The Yuan Dynasty (1271-1368) left almost nothing behind, including the loss of the
Great Palace of Kublai Khan, which was placed in the country's new capital,
Beijing. Of the few remains, the Drum Tower and the Whit Pagoda in Beijing are both
from this rule.
The Ming Dynasty (1368-1644) built many buildings that survive to the present, including
the Forbidden City in Beijing (begun in the 1400s), which is one of the most impressive
and densely built upon lands in the country. Every structure is monumental in detail,
technique, and often also in size as it contains nearly 9,000 rooms and was home
to the Emperors for years. This time period also represented a shift to heavily
painted buildings, which is impossible to miss in the Forbidden City. The Ming Dynasty
also built the Temple of Heaven (1500s; rebuilt in the 1890s), which is an all wood
circular temple built upon a square marble base; this building contains no nails
and is again heavily painted.
The Qing Dynasty (1644-1911) built relatively little although they regularly updated
numerous buildings, including the Forbidden City. They also built the Emperor's
Summer Palace (1700s) in Beijing (although at the time it fell outside the city
walls). The Qing Dynasty was also well known for creating gardens a part of their
landscape and integrated it strongly with their architecture to work with buildings.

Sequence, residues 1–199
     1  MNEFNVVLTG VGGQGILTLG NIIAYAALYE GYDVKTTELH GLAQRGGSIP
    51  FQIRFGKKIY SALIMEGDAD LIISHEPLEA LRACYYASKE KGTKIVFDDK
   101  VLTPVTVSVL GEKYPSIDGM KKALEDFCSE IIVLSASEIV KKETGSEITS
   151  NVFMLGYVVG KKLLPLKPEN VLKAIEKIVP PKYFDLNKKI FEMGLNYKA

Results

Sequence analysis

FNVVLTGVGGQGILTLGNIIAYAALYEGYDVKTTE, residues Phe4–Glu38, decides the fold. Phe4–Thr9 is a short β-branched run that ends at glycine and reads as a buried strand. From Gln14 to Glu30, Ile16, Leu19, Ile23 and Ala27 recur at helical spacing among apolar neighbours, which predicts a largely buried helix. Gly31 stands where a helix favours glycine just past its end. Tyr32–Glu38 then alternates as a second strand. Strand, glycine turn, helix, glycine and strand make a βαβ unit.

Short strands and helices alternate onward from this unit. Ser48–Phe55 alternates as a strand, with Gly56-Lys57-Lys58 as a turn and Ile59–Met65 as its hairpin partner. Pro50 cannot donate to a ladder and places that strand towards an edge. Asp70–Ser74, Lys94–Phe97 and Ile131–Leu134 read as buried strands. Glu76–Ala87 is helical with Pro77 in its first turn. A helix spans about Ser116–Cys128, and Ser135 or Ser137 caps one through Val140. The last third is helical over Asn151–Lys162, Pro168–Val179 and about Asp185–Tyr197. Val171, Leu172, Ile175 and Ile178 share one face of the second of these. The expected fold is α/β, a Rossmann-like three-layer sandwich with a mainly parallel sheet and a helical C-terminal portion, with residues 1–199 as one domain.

With the communist takeover in China following World War II
the architecture has changed dramatically, with the greatest change being the loss
of numerous historic pieces. Under Mao the government demanded that thousands of
pieces of architecture be destroyed during the Cultural Revolution. The buildings
erected in their place have generally been simple factories or housings units that
are focused on efficiency and use over aesthetics.
However, for much of this time Hong Kong and Macau remained outside
Chinese power and their architecture better reflects their rulers than it
does China. Macau was ruled by Portugal and there are significant
indications of this past relationship. Hong Kong was ruled by the
British and grew into a massive modern city as it boasts some of the country's
finest modern and post-modern architecture with a modern skyline that competes with
New York and the best of the world.
A final note about the massive country's architecture is that the ethnic Chinese
were not the only rulers of every part of China as its borders
stand today. Numerous ethnic groups controlled various parts of the modern country
in the past and these regions reflect the local people and their architecture, not
China's. For this reason there are numerous alterations on Chinese architecture
and in some places a completely different style. However, these people rarely built
structures that have lasted or are noteworthy; the exception to this though is Tibet.
The Tibetans have a unique architecture not seen elsewhere in China and this is
best represented by their masterpiece, the Potala Palace (1649) in Lhasa.